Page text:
Join Date: Jun 2004
Location: Northern Nevada
Mentioned: 0 Post(s)
Tagged: 0 Thread(s)
Quoted: 2 Post(s)
You don't mention how often you're having flats, but a certain number of them is inevitable. They're just a part of cycling. I've had as many as nine on a century ride, and six on my 25-mile commute (that's uncommon--I ran over a field of broken glass in one case and a pile of thorny branches in the other--but it's just coincidence, not a recurring problem that needs to be addressed). overall, riding in a desert area with many thorns and poor street-sweeping, I probably average one every 75-100 miles.
A few points:
Flats on the front are way better than flats in the rear. I can change a front puncture, including inflation with a frame-fit pump, in less than four minutes. Because of the driveline, rear takes longer.
You can eliminate many of those "hammered-in" punctures by avoiding obvious sharp things in the road and by running your (gloved) hands lightly over the tire when you unavoidably hit some. When you hear the tick-tick-tick of a shard of glass hitting the road, reach back (AHEAD of the brake bridge, not behind it, lest you be sucked in) and let your hand trace the tire as it rotates. usually you'll dislodge the object. Do the same in the front as necessary.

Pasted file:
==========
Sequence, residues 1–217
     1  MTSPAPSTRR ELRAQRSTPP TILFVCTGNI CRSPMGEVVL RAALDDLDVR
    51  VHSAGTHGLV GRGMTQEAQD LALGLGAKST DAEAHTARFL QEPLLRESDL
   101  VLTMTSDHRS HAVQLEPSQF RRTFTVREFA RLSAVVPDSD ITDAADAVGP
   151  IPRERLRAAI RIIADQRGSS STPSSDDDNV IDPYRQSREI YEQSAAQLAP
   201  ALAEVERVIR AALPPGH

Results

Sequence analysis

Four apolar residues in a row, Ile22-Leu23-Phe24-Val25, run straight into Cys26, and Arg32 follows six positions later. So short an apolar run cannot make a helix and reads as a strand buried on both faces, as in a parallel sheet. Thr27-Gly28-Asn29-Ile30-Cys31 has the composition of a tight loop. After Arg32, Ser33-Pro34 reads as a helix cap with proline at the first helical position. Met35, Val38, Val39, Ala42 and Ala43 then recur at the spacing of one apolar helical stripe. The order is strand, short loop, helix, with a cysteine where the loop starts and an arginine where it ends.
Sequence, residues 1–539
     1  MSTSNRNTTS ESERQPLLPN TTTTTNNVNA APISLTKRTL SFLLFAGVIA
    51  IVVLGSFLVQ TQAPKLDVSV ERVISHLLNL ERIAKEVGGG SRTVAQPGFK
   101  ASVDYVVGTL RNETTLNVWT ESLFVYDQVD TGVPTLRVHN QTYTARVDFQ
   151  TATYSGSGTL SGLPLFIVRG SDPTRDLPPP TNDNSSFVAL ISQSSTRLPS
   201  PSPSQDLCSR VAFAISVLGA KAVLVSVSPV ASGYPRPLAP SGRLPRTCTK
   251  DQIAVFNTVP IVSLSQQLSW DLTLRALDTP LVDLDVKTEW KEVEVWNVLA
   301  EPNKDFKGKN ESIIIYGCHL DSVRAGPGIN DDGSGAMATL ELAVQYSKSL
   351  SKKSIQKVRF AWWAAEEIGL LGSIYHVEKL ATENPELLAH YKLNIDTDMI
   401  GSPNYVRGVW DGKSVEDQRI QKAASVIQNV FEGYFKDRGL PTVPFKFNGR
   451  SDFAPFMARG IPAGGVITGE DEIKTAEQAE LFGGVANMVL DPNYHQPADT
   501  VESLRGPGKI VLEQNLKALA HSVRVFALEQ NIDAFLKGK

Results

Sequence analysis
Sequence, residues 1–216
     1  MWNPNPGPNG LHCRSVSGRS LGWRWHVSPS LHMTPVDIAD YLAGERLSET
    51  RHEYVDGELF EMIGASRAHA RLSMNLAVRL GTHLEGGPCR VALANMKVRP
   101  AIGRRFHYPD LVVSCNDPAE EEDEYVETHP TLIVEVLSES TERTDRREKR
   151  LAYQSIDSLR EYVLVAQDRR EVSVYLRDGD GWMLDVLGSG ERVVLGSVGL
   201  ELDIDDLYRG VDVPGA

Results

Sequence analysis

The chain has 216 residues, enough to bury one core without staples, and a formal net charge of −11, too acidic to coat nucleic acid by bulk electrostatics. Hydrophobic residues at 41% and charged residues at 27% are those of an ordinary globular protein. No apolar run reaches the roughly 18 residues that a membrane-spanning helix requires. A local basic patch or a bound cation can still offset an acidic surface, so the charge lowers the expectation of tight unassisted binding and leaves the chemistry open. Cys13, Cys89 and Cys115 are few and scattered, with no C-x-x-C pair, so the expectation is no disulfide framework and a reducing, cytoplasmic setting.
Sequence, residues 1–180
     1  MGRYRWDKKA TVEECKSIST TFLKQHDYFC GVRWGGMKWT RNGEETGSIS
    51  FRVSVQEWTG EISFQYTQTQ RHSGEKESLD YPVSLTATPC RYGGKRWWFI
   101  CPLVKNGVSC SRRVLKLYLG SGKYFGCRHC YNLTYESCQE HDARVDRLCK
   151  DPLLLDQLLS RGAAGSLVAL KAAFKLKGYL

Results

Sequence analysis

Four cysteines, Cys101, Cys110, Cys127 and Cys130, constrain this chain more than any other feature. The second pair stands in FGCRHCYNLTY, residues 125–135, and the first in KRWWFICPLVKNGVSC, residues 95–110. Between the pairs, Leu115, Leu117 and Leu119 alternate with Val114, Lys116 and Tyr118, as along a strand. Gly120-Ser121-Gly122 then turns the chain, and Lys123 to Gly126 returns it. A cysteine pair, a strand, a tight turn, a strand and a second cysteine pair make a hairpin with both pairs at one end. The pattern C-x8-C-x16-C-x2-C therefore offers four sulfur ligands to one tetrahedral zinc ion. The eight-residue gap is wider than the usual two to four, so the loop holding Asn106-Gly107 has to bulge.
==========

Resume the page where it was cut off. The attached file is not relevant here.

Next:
Warning: this takes a little practice. If you're not comfortable, stop and remove the object by hand.
There are many puncture resistant tires, most of them presumably effective to some degree. I don't care much for Armadillos because of the harsh ride, but friends swear by them. Several of my friends also use GatorSkins. I haven't tried Schwalbe because of the weight, though I doubt I'd notice it when i was riding. My favorites for several years have been Panaracer Pasela TG's (TG=Tour Guard, with a kevlar belt. There's also a non-TG model, which lacks the belt).